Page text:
“The joining of hands between Uncle Sam and the Allies caused a situation of panic, and those who controlled the various branches of organized sport faced for the rest of the year a sense of doubt as to the effect of our entered the world conflict, “reads the story.
The championship golf and tennis competition was canceled due to the war, while many colleges canceled sports schedules.
The article notes that professional baseball was still doing “remarkably well” during the war, “with the exception of a number of smaller minor leagues, which were forced to close due to a weak patronage “.
Payday loans are apparently not a recent innovation in the field of short-term loans.
“Quick loans to workers and housekeepers” read a Household Loan Co. Loans in the Mail ad offering “$ 5 and up.”
“Reduce the cost of the day’s wash … Wash the Fels-Naptha way,” read an ad for a product still on the market today. “This makes boiling unnecessary,” saving 25 cents or more in fuel costs each wash day, the ad says.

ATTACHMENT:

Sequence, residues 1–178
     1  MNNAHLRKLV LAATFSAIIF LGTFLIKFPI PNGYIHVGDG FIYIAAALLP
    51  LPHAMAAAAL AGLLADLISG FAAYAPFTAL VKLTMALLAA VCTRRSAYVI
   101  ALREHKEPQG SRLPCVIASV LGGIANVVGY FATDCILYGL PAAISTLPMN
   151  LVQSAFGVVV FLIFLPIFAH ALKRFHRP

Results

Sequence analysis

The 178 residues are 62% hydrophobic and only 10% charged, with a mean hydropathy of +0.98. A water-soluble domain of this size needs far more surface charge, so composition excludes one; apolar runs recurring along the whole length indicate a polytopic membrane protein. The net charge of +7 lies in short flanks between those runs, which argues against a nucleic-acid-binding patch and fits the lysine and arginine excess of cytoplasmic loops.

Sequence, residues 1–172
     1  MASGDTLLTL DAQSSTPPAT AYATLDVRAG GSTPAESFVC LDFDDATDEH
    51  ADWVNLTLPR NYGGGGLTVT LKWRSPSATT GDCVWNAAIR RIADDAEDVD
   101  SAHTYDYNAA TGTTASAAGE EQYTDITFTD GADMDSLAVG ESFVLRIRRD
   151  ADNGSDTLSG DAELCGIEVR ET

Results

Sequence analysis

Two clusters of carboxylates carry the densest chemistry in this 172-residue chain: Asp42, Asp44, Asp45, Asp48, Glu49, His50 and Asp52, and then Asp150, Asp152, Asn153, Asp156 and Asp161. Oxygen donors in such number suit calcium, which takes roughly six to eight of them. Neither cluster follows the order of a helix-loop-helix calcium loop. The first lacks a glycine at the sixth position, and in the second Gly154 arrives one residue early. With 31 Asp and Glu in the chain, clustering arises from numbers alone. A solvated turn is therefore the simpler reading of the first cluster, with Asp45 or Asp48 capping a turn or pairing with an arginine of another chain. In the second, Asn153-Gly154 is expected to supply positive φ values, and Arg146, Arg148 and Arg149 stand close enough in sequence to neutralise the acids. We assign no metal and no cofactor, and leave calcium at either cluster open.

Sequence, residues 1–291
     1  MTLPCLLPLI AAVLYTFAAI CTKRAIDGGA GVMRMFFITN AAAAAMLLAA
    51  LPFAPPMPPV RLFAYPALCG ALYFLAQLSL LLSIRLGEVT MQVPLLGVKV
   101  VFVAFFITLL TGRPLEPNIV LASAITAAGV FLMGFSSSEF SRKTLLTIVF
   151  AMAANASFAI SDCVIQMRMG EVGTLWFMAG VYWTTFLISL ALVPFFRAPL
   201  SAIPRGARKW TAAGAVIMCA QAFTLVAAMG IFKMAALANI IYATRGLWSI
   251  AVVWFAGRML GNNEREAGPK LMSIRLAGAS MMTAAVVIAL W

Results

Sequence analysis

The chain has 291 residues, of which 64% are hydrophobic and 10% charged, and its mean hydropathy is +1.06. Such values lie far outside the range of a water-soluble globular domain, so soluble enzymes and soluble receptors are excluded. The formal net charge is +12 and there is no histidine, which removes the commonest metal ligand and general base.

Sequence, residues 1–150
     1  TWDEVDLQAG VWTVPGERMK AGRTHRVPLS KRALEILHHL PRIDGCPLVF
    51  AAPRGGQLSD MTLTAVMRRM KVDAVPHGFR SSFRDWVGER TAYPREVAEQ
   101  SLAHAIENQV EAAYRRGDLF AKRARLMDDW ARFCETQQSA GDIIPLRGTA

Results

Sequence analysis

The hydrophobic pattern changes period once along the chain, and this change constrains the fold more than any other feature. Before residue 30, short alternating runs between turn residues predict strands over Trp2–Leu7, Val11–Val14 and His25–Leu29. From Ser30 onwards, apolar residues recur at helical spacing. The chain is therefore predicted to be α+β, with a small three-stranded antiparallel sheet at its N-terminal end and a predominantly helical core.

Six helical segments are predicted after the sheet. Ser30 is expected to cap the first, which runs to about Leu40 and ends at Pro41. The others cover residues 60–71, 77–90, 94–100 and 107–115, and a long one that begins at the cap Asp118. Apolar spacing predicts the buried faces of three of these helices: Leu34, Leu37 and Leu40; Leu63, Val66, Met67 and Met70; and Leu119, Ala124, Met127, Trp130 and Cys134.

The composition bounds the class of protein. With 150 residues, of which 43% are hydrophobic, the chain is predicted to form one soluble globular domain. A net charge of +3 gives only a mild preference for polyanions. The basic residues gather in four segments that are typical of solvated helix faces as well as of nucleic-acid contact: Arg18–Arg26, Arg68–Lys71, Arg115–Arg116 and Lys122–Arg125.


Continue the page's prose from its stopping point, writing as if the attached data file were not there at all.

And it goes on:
JC Hoffman Sons has announced a sale on its stock of 300 all-wool winter coats for women and girls. A $ 10 envelope was reduced to $ 5.98, while a high-end cape, normally $ 22.50, cost only $ 15.
Every day, readers could follow the adventures of a wealthy new Irish family in “Bringing Up Father”, a comic book by George McManus. The tape operated from 1913 to 2000, although its creator died in 1954.
Perhaps it’s no surprise that “Blondie,” “Peanuts,” and other comics continue to function long after their creators have stopped creating.
The Mail also had a column titled “On the Funny Side”. On January 3, 1918, he presented this somewhat risky joke:
Mr. Saphedde: Would you like to have a puppy, Miss Caustique? “
Miss Caustique: Oh, Mr. Saphedde, it’s so sudden!
Jug. Caustic. Have a puppy. Find?